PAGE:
Do you have a particular message to send across all your pieces?

I think, if anything, I really feel like music– and arts in general–but music is this little reward we have for being on Earth; no matter what is going on in the world, whatever is going on in your day, there’s this thing over here that we get to do as humans that’s untouchable. Every single layer of society, music is incorporated into it. At every level–sports, film, religion, family, marriage–everything has music there in some way. I try my best to give people the room to isolate it and appreciate it for what it is. A lot of the time, people view music as this thing where “I dress this way so I listen to this,” or “I wanna hang out with these kids or I listen to this,” or “I wanna go to this party so I listen to this.” It can be this thing and be taken seriously enough as its own thing.

Do you think there are any trends that are going to take off?

I mean all those little weird rappers are going to keep trying to do more punk-pop sh*t, which was already happening for some time. It’s just going to get more dramatic. Lil Uzi Vert has that song where he says “All my friends are dead,” and they’re going to keep mining that and make Hot Topic rap a thing. And maybe disco. There are some young people I’ve heard who are making disco-ish things and you could hear The Weeknd making a disco track.

Do you think that the radio will become less relevant?

Well you guys don’t listen to the radio, you guys use Spotify, and you take recommendations from Spotify or are aware of what’s popping on Spotify… A lot of the music industry is based on nostalgia, and not just for old songs but also for old systems. If you’re interested in movies you know these pillars you want to reach. So if you’re in music you want to be on the radio everyday. Hundreds of thousands of dollars go into promoting songs at radio and paying radio DJs and keeping antennas on, just for the sake of the idea of it. To be on the radio everyday is such a nuanced thing. If you turned on JAM’N right now, you would hear something–whether it’s good or bad–it’s formatted to be on the radio all day. It’s its own thing.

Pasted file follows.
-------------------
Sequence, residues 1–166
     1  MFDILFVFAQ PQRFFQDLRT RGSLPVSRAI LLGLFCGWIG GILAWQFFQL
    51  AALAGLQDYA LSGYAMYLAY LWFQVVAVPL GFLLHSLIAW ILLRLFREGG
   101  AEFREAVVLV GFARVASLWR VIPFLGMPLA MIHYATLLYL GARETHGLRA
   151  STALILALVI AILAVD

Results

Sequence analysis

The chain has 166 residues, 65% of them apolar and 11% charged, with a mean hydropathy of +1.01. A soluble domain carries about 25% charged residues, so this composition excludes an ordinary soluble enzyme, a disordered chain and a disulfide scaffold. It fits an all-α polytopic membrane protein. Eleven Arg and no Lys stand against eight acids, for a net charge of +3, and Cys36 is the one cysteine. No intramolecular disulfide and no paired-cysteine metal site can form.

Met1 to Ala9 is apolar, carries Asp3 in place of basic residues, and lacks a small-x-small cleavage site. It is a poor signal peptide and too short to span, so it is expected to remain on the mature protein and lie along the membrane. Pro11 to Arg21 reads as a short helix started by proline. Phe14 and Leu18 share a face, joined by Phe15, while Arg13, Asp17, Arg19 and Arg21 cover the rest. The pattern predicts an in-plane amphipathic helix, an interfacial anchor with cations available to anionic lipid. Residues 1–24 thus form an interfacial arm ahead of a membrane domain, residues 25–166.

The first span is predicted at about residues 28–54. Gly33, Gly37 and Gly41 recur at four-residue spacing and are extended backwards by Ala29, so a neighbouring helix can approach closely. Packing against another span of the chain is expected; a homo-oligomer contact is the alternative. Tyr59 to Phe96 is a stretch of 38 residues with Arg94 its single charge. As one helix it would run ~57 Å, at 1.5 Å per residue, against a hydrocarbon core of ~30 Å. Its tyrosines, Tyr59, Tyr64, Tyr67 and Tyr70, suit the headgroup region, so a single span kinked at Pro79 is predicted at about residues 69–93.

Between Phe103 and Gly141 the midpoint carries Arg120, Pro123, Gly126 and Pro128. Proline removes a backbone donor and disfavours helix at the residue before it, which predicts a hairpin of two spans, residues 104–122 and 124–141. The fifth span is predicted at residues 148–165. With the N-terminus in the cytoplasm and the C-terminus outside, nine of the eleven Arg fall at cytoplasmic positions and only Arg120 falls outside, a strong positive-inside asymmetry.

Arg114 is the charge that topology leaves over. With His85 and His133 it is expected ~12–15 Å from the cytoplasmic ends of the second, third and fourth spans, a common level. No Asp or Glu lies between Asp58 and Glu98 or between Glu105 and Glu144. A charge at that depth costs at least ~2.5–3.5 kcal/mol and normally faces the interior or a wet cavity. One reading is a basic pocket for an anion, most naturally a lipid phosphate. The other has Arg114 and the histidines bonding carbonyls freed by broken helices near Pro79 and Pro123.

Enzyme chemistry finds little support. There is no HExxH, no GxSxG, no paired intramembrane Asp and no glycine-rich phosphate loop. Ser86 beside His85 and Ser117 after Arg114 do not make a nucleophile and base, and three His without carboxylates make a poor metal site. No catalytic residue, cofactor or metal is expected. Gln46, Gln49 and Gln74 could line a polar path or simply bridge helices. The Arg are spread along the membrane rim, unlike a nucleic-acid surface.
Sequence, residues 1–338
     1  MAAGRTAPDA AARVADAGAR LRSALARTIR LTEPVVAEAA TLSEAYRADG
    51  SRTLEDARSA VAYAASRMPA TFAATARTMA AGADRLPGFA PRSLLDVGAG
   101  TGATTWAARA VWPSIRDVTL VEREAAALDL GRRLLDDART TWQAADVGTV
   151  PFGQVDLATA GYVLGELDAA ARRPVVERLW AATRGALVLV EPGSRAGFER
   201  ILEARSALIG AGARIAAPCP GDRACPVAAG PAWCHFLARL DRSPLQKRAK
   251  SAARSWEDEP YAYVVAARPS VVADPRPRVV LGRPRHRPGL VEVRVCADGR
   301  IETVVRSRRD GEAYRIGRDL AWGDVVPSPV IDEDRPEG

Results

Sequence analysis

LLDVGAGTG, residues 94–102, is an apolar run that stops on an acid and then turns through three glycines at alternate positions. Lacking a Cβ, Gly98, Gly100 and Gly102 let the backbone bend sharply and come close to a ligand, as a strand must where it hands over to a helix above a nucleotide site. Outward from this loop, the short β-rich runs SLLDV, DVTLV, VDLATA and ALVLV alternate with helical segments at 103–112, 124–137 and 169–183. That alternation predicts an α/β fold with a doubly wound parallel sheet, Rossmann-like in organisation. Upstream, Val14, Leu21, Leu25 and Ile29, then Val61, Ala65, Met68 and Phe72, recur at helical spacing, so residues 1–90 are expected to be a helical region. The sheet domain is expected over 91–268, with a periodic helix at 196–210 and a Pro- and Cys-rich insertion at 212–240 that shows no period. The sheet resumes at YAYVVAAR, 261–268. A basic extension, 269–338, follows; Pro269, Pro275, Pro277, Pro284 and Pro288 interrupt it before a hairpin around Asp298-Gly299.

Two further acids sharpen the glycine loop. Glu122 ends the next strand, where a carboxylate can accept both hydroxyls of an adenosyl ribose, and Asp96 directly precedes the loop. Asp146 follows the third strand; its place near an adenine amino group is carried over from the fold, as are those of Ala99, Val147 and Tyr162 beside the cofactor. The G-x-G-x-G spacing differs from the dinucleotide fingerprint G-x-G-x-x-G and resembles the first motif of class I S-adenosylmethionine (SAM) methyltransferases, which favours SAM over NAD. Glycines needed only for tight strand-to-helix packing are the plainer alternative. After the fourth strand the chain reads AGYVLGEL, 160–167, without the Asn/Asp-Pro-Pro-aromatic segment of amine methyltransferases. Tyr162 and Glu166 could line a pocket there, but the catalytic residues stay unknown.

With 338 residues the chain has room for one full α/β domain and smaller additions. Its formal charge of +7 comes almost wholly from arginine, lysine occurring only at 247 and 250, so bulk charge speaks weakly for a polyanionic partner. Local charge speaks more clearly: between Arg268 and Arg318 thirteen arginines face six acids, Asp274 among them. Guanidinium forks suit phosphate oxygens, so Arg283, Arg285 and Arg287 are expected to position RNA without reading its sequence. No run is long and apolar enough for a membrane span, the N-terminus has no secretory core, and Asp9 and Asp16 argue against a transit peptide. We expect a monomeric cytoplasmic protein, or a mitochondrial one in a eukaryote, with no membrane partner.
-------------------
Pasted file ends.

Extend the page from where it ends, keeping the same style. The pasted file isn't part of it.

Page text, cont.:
How do you deal with political statements in music?

I think original political statements are more interesting. Meaning that if you’re saying “f**k the police,” someone said that is 1989, that’s not really that interesting. It may be true, but strictly on a artistic, creative level, it’s not that original. Going off that example, Young Thug said [on his song “Pick Up the Phone” with Travis Scott], “My momma told me don’t hate on the law, because everybody has got a job, because everybody wants to be a star.” That’s a crazy-ass concept for someone… to say his mom said don’t hate on cops because everybody has a job. It’s also valid, that’s a super valid point. Young Thug doesn’t have to make that point on a song that has nothing to do with that. Now that’s on the radio everyday too. From just a level strictly of originality and creativity, and on an artistic merit, that’s extremely interesting. Real humans, their lives aren’t going to be saved in a tangible way by music on either side, so it’s up to music to just articulate things. Articulate things that haven’t been articulated before. That’s how politics plays into it for me; it’s another thing to pick and prod at.

 

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Posted by on Apr 14 2017. Filed under More News, News, Recent News. You can follow any responses to this entry through the RSS 2.0. You can leave a response or trackback to this entry